Trump's ambassador to Germany has an agenda: Weakens European unity

By Updated at 2018-06-04 22:06:27 +0000

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BERLIN (Reuters) - Germany has asked the U.S. government to clarify remarks by President Donald Trump’s new ambassador to Berlin after he told the right-wing media outlet Breitbart, he wanted to empower “other conservatives” in Europe.

The comments by the ambassador, Richard Grenell, an outspoken defender of Trump, drew criticism from politicians across the German political spectrum, warning him not to meddle in domestic politics.

“We have asked the U.S. side for clarification, and whether (the remarks) were made as reported,” a foreign ministry spokesman said.

The issue would be looked at again on Wednesday when Grenell is due to make his first official call at the ministry, the spokesman said.

The political appointee caused anger on his first day in Berlin with a tweet telling German companies to wind down their business from Iran after the U.S. withdrew from a non-proliferation deal with Iran.

In a further breach of protocol, Grenell also invited Austria’s Chancellor Sebastian Kurz, a critic of German Chancellor Angela Merkel’s refugee policies, to an embassy lunch during his June 12 visit to Berlin, Spiegel magazine reported.

In an interview with Breitbart News at the weekend, Grenell attributed the groundswell of conservatives across Europe to the “failed policies of the left”, adding: “I absolutely want to empower other conservatives throughout Europe, other leaders.”

In the same interview, he described himself as a big fan of Kurz, the head of the conservative People’s Party and who shares power with the far-right Freedom Party in Vienna. An embassy spokesman said Kurz had requested the meeting.

Merkel declined to comment on Kurz’s planned visit to the U.S. embassy during his visit to Berlin. “Like many others, I have taken note of this,” she said in a cool remark at a news conference with Israeli Prime Minister Benjamin Netanyahu.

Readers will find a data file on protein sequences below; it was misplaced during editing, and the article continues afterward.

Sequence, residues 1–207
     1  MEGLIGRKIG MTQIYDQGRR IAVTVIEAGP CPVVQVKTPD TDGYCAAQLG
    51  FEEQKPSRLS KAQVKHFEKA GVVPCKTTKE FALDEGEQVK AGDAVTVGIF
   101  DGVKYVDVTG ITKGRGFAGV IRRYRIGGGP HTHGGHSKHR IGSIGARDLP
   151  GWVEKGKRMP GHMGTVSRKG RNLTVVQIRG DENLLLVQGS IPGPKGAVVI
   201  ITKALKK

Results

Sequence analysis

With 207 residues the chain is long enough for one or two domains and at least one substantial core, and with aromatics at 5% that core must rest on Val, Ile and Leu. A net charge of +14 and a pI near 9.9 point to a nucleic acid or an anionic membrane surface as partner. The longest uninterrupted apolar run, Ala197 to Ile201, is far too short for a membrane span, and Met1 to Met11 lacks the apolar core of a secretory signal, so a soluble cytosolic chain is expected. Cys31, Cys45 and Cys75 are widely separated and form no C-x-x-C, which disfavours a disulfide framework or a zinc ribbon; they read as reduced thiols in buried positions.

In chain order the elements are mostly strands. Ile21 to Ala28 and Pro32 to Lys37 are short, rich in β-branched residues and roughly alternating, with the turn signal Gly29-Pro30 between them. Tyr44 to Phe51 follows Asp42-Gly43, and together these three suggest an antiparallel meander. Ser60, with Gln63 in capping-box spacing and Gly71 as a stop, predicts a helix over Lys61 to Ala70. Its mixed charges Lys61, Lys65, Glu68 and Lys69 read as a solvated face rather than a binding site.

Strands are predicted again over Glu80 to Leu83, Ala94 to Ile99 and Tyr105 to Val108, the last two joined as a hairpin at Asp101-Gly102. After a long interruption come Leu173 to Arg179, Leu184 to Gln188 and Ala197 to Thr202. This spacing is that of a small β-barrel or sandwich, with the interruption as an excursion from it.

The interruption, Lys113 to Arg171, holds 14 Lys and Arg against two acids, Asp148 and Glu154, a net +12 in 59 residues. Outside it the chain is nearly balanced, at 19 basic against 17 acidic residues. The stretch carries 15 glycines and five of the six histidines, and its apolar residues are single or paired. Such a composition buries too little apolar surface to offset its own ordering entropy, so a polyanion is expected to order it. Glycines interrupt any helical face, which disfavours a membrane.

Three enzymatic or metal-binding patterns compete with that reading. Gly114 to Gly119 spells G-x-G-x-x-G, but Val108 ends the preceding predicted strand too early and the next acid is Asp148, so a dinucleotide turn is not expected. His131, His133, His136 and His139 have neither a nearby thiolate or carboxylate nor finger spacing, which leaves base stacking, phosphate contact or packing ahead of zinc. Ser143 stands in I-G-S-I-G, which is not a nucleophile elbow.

Netanyahu said that he had also had a brief meeting with Grenell during his Berlin visit. “I was asked by the American ambassador to meet him at the airport,” he said. “I wouldn’t draw any great meaning into that.”

Rolf Muetzenich, deputy leader of the Social Democrats in parliament, said Grenell’s remarks should be raised quickly with Secretary of State Mike Pompeo.

“Clearly the U.S. ambassador sees himself as an extension of a right-wing conservative world movement,” he told Reuters. Muetzenich added that Grenell’s actions violated the 1961 Vienna Convention, under which diplomats do not interfere in the domestic affairs of a country.

Attempting to weaken European unity

(Ines Pohl)

As with all populists, Trump and his team are most concerned with what churns up the biggest waves.

Grenell knows precisely what he is doing when he talks about chain migration and praises Austria's hardline conservative chancellor, Sebastian Kurz. He wants to encourage those in Europe who, like Trump, challenge the status quo. In this interview, he is speaking to right-wing nationalist governments on the continent, like those in Poland and Hungary, who are critical of Europe in its current form.

Grenell, like his boss, is exploiting fears to advance his agenda. He is putting pressure on the weaknesses of the European system to advance a new order — one that weakens European unity primarily to benefit the United States.

Neither screams nor resignation will help to counter this strategy. Trump will always win in a shouting contest. Germany and its European partners have no choice but to accept that they can't rely on him. On the contrary, they must accept that the US president is threatening a trade war, and is using one of his most influential diplomats in Europe to hasten continental divisions.

There can only be one answer to this new trans-Atlantic relationship: an agreement with a clear vision for the future of the EU. One in which not only the big, but also the smaller countries find their place. As difficult as it is to accept: the EU's former ally has become a danger to its internal unity. After this interview, there is no doubt about that.

Ines Pohl is DW's editor-in-chief

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